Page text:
[An historical note: to be fair, Dr. Merissa Orzack launched the first hospital-based treatment program for '
computer addiction' in 1999, although it was on an outpatient basis.]

Scientists Used Facebook For the Largest Ever Study Of Language And Personality
(Business Insider, 2 Oct 2013)

The article sounds a bit like Rorschach inkblot test meets 'positive psychology', or, as the article puts it, filtering all our 'shared' words through an 'open-vocabulary approach' so in the end we can acquire new vistas of understanding as "big data meets psychology". The headline declares the results 'groundbreaking' and - among the Facebook-connected world, which is virtually everyone - proclaims how word-use analysis can "provide an unprecedented window into the psychological world of people with a given trait.". Great for marketers and whom else? Facebook psychometricians? Social psychologists? Pollsters?

Here is the University of Pennsylvania study itself:
Personality, Gender, and Age in the Language of Social Media: The Open-Vocabulary Approach

The neuroscience of Facebook: It Makes Our Brains Happy
(Salon.com, 5 Oct 2013)

This article takes a perspective emphasizing that our brains are inherently 'wired for social'. With a bit of neuroscience to suggest how connection - via Facebook, of course - is making the collective brains of the planet 'happy'. [Can brains feel happiness without an owner?]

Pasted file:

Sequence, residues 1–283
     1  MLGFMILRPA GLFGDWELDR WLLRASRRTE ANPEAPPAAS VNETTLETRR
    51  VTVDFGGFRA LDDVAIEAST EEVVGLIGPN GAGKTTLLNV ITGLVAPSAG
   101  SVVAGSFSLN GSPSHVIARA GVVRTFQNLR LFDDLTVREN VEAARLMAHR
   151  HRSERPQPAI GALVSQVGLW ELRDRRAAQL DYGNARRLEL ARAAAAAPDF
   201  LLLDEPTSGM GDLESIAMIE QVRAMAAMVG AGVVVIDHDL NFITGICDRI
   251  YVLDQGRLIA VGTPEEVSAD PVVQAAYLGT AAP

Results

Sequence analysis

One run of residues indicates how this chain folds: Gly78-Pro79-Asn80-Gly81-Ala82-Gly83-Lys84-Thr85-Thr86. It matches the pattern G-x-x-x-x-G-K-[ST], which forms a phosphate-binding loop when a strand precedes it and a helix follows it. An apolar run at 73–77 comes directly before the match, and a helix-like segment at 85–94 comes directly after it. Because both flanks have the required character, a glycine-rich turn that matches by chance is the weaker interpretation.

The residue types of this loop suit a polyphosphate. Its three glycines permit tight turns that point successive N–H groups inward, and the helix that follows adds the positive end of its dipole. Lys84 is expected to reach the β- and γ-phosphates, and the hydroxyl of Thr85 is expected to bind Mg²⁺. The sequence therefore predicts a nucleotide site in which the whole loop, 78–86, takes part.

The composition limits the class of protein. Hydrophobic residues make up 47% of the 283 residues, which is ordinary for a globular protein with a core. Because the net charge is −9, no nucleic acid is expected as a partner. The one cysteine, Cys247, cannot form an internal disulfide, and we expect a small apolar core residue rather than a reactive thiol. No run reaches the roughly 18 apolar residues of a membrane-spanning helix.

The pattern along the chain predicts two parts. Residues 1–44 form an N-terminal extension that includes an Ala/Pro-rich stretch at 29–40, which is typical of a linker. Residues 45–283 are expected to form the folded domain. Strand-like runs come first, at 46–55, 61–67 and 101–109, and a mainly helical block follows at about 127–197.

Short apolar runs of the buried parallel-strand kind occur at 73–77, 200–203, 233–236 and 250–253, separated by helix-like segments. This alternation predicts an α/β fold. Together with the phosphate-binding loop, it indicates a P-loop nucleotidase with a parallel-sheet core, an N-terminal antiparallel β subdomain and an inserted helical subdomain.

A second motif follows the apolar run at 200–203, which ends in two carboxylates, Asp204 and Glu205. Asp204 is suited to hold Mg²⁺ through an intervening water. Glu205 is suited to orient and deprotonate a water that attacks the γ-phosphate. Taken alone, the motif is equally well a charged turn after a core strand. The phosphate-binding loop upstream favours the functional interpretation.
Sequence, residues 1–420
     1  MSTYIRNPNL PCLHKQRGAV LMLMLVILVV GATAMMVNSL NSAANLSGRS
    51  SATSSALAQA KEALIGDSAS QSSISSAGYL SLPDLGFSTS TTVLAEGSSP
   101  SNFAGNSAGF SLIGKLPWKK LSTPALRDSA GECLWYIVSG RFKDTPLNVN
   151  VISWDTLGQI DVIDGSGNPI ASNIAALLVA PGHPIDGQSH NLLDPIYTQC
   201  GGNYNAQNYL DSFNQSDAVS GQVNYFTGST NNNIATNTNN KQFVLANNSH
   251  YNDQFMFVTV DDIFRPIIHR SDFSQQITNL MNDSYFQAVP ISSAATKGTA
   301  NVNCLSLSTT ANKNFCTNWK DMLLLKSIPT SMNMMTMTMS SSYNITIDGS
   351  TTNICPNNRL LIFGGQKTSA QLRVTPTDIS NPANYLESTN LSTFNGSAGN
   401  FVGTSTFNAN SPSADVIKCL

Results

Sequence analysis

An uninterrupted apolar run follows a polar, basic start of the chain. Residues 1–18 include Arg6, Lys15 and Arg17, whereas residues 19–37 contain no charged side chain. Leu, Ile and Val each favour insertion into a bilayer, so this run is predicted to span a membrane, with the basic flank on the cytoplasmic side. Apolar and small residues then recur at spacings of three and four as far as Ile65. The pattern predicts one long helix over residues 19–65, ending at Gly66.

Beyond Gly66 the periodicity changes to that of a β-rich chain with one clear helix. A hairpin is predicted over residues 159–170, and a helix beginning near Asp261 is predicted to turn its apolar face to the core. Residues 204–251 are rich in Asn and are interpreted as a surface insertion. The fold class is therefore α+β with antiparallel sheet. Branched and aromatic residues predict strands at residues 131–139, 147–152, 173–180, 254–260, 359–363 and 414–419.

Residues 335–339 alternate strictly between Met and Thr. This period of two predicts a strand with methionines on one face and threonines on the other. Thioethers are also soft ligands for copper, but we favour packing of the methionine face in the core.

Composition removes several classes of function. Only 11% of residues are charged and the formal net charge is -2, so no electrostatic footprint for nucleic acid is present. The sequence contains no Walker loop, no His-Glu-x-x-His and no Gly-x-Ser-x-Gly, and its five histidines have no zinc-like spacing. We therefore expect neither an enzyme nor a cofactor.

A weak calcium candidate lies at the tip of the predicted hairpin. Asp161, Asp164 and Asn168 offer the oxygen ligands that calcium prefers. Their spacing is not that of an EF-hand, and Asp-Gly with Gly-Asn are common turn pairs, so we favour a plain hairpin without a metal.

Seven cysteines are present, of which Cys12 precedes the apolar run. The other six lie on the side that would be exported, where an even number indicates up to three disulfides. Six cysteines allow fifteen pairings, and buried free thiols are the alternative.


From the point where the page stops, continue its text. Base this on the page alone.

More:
Doctors' Rx: Make a Plan to Manage Kids' Media Use
(USA Today, 28 Oct 2013)

A report on the new policy statement from the American Academy of Pediatrics which proposes family 'media plans', given how "exposure to TV, smartphones, computers, tablets, and all forms of social media play a dominant role in the lives of American kids and teens..." - and adults too! Includes several resources including a link to healthychildren.org where one can learn
How to Make a Family Media Use Plan.

Looking for Intimacy in the Age of Facebook
(NY Times, 1 Nov 2013)

A look at how face-to-face relationships are impacted by constant attention to devices (smart phones, texting,etc.) at the cost of personal (face-to-face) connection and the growth of 'distraction attraction'. Have you been to a meal or party where people engage their screens rather than each other?

On Second Thought... (Do I really want to post this on Facebook?)
(Slate, 16 Dec 2013)

Facebook not only tracks your every online, on-Facebook move, but they scrutinize the messages users start and then decide against posting, invoking the judgment or 'mindfulness' to "self-censor". (Maybe it would be offensive, or non-flattering, or fluff?) But Facebook *wants* to know! (And don't let it happen again!)

5 Ways to kick your 24/7 tech addiction in 2014
(CNBC, 19 Dec 2013)